We catch up with antiques expert and author of the Millers Guides Judith Miller.
What is your favourite piece of furniture?
Reluctantly putting aside a George III mahogany chest-of-drawers, which I’ve had for almost 40 years, a George II walnut-framed, upholstered open-armchair with shepherd’s crook arms and a dining table and set of eight chairs designed by Hans Wegner in 1949, my current favourite favourite is the Wingback chair by Tom Dixon. It is a modern take on 17th-century wingbacks and is wonderfully comfortable to sit in.
Which antique/collectable do you covet?
Two of the glass birds designed in the early 1960s by Alessandro Pianon for Vistosi, in Italy.
Pianon designed five in all and I am fortunate enough to have three of them, but I would love the other two.
Which antiques and collectables are most popular at the moment?
Without doubt mid-century modern and post-modern design. They have wide appeal and fit in to a more modern minimalistic style but they have risen substantially in price. So it may be watch this space.
What the most thrilling item you have seen on the Antiques Roadshow?
A man came to the Roadshow with a great story and a great find. When he was 11 in the 1970s he’d gone with his mother to a house sale and was extremely bored until he found over a hundred posters in a brown paper bag. They were of trains, planes and liners – classic Art Deco. He asked if they could buy them but they were part of a job lot of an artist’s studio and his mother said “no”. At the auction a lady bought the lot for £13.
The young boy offered her 50p for the posters and she accepted. He brought in four by the French artist Jean Dupas and I valued them at £10,000 each.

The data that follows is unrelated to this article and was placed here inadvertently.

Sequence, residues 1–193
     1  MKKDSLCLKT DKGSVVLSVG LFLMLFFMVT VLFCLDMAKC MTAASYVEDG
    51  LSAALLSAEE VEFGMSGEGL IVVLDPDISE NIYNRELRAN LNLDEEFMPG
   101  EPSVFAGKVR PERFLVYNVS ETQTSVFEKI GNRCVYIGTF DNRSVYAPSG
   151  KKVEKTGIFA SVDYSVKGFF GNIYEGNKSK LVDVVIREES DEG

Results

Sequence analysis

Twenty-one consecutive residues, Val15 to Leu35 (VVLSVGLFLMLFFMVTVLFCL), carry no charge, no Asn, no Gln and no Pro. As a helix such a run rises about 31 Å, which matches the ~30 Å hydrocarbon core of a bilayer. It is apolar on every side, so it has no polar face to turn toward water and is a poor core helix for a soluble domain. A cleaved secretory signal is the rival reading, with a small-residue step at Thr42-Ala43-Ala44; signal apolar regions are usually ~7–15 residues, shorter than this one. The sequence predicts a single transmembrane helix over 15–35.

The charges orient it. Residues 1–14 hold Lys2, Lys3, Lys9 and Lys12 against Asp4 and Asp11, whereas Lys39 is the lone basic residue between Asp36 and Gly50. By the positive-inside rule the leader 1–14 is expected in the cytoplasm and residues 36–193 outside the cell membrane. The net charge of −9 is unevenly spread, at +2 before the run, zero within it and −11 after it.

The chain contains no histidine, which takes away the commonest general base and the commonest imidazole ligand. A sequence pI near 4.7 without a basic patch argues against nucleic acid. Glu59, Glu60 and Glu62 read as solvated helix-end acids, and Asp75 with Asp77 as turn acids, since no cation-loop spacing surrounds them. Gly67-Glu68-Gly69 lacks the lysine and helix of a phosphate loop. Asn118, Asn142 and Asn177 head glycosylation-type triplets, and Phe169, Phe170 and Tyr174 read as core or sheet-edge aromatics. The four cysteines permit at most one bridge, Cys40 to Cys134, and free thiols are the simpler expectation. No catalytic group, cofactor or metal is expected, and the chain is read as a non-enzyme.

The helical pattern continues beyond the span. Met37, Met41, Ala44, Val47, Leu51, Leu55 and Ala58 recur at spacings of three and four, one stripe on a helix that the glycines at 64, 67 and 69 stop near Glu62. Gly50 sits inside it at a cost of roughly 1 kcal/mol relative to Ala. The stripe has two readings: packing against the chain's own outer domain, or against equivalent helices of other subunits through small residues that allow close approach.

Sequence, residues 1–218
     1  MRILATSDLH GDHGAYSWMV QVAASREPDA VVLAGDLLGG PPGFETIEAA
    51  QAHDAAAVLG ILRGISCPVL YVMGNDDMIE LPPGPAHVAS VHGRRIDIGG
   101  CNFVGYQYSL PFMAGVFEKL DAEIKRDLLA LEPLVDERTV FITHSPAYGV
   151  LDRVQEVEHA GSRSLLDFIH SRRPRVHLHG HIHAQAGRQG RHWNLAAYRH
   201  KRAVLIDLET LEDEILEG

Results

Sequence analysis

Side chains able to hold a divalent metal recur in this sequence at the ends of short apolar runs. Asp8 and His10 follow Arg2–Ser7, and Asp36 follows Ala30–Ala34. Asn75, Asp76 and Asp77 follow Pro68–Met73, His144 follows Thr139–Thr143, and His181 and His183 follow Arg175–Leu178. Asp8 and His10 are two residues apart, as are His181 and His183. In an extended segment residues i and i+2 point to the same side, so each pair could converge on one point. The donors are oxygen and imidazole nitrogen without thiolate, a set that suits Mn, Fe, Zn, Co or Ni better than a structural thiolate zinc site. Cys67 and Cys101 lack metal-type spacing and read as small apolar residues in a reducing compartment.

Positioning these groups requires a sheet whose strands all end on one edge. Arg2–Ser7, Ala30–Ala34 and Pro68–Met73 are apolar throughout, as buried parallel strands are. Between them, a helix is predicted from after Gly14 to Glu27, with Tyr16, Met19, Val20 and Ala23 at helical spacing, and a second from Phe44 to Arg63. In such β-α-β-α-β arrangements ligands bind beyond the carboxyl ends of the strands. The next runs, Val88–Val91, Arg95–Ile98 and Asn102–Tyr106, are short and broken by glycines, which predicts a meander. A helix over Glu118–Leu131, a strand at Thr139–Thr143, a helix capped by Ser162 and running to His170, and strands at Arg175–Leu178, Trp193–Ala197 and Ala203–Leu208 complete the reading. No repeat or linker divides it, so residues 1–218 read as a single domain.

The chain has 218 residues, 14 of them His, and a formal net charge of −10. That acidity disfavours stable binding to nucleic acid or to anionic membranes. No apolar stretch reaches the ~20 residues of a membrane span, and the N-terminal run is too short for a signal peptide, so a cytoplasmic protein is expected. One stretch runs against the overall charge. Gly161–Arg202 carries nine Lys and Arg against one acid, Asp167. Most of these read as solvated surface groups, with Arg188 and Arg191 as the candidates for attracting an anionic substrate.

Is there anything you think may have a renaissance?
Brown furniture is still undervalued as is Victoriana in general. Working on the next Antiques Price Guide I’m noticing that objects such as Toby jugs and pot lids, which you couldn’t give away last year, are beginning to increase in value.
What and where is your ideal home?
Well, I’m very happy living where I am, but a huge lottery win would probably also result in a C17th-C18th manoir in the Dordogne, a small apartment in Manhattan and, on the insistence of my husband, we would have to have a modern townhouse in St Andrews, for the golf.
Who would you most like to invite to dinner?
Bruce Springsteen: because he has written so many wonderful songs. Bruce and the E Street Band on tour are, quite simply, the greatest show on earth; and because we have travelled all over the world to see him in concert, so it’s about time he came to my place.
I would also invite Wendell Castle, the American designer who sadly died, aged 85, earlier this year. He is my favourite furniture designer of the last 50 years. Then, if historic figures are allowed, there’s also Catherine the Great: I read a fantastic biography of her recently, by Henri Troyat, but I really would like the inside track on how a little German princess without a drop of Russian blood in her came to embody 18th century Russia and become the most powerful woman on the planet.